Explore the macabre world of black tourism.
that of Peter Hohenhaus “Atlas of Dark Destinations” (Laurence King Publishing, Â£ 25, ISBN 98719194719 4) would make a good Christmas present for a serious person interested in history, including the history of technology. It was probably a mistake, however, to release it at the end of October, in time for Halloween, and make it look like a collection of horror stories. A front funeral cover, with the title in bright Gothic red on an absolute black background; a subtitle mentioning âblack tourismâ – what is it? Sightseeing after dark, like looking for the Northern Lights in Iceland?
Unlike the impression created by the cover design, this is more than just a spooky Halloween read. It doesn’t scare you so much as it makes you think. In my case, it once again made me pity that I had the misfortune of growing up in a social order that was the source of much of the âdarknessâ of the world.
The back cover, featuring an aerial view of a sunny cityscape with a cheerful Ferris wheel in the foreground, at first glance appears to contrast sharply with the spooky, almost moribund cover. But take a closer look. The photo is of Pripyat, the “dead city” five kilometers from the unfortunate Ukrainian city of Chernobyl, whose entire population was hastily evacuated days after a nuclear disaster, when for many it was already too late.
I happened to visit Pripyat several years after the explosion and I will never forget its crumbling buildings, streets and squares, barely visible under the shroud of wild bushes and ivy, and the deserted fun fair with its rusty Ferris wheel creaking sadly as it did. stirred by the wind, as if it deplored all the sufferings that reckless humanity had unleashed upon itself.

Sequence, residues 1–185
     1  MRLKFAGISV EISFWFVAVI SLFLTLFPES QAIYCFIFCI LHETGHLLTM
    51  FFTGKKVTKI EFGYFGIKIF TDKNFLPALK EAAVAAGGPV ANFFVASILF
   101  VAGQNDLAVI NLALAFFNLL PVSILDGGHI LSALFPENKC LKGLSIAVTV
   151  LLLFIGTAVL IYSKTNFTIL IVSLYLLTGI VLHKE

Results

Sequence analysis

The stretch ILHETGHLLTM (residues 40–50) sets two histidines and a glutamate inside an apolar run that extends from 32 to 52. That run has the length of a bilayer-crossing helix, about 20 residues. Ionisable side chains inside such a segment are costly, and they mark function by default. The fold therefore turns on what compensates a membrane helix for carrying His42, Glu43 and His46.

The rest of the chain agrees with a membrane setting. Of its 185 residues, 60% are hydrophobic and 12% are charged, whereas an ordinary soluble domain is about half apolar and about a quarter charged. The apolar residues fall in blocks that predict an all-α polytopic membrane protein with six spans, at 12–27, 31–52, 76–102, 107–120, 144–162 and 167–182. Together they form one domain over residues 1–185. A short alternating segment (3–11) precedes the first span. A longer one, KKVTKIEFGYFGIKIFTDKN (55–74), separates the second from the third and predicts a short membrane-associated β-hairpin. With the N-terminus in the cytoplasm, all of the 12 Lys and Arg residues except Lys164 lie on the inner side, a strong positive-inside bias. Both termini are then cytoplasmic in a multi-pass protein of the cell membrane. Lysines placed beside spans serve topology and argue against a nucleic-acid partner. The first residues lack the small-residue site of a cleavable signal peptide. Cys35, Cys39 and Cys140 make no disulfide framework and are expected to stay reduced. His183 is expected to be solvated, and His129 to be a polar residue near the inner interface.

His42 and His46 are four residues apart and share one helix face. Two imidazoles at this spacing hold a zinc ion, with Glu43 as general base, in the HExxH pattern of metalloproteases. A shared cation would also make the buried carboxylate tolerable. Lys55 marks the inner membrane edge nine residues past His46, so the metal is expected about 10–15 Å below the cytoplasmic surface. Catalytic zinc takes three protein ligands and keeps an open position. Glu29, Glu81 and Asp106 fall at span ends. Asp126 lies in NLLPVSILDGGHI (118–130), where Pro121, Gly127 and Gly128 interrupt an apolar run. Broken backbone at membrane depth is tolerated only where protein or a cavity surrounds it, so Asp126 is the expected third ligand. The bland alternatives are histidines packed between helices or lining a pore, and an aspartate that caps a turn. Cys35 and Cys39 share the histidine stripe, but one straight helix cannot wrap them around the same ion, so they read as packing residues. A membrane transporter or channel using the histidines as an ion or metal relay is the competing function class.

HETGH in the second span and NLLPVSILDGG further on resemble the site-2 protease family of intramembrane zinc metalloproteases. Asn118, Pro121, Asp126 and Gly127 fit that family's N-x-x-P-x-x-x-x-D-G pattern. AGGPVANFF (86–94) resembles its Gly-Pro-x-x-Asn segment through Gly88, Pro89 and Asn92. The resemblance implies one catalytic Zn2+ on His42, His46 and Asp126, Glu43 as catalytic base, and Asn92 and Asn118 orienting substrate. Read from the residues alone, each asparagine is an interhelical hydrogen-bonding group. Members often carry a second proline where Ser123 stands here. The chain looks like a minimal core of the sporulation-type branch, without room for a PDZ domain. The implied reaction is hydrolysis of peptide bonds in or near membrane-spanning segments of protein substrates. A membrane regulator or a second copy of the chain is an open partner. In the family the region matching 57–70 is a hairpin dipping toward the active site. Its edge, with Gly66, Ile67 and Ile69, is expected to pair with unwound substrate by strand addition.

Yes, another sad conclusion that the reader of this Atlas is bound to come to is that, besides totalitarian states, another creator of “dark places” and the human tragedies that result from it has been technology. Technology that has seriously malfunctioned or has been designed specifically for destruction.
The section covering Britain opens with descriptions of two horribly familiar sites – Dounreay and Sellafield – closely followed (for reasons I find it difficult to understand) by Bletchley Park, whom I have always perceived to be a positive and inspiring place, where Nazi secret codes were shattered, hastening the end of WWII. Maybe the Atlas compiler had in mind the tragic (and truly grim) fate of Enigma machine inventor Alan Turing? Alas, the Turing tragedy is not mentioned in the long entrance to Bletchley Park.
Another problem I would tackle with Hohenhaus is his ranking of places in his Atlas. Each site is ranked by stars – from one to five – in the style of the great German writer and guide editor Karl Baedeker. Yet while Baedeker gave his stars primarily to hotels and later nature walks and views, Hohenhaus, who seems to have collected a good deal of his material from the internet, (“like the search for my website,” as he puts it), uses stars to indicate a “dark rating”.
This assessment of the level of darkness and scaring of each site is done in a rather arbitrary fashion. Bletchley Park, for example, has five stars and a dark rating of 2. The infamous KGB-controlled upper floor of the Viru Hotel in Tallinn, now a museum, crammed with listening devices for listening to guest conversations. and other spy equipment, was awarded three stars and a dark rating of 5.
This approach leads to horrific and sometimes offensive trivializations. The Auschwitz extermination camp, near Krakow, is awarded five stars and the maximum black rating of 10. At the same time, Babiy Yar, the site near Kiiv where nearly 200,000 people (the Atlas puts number 100,000), mostly Jews, were executed and their bodies thrown into a ditch score two stars and a dark rating of 6 – lower than the ghost town of Kurchatov in Kazakhstan which scores 7.
Babiy Yar, where many of my own distant relatives perished, is one of the most tragic and “dark” places I have ever seen. Any tourism-related assessment, or “spotlighting” of places like this and Auschwitz is not only tactless, but totally unacceptable, and seriously detracts from the appeal of what is otherwise an excellent book – informative, well written and richly illustrated. I hope that the stars indicating “tourist attractiveness” and the dark notes illustrated with small human skulls will be removed in future editions, along with the whole “tragic rating” approach.
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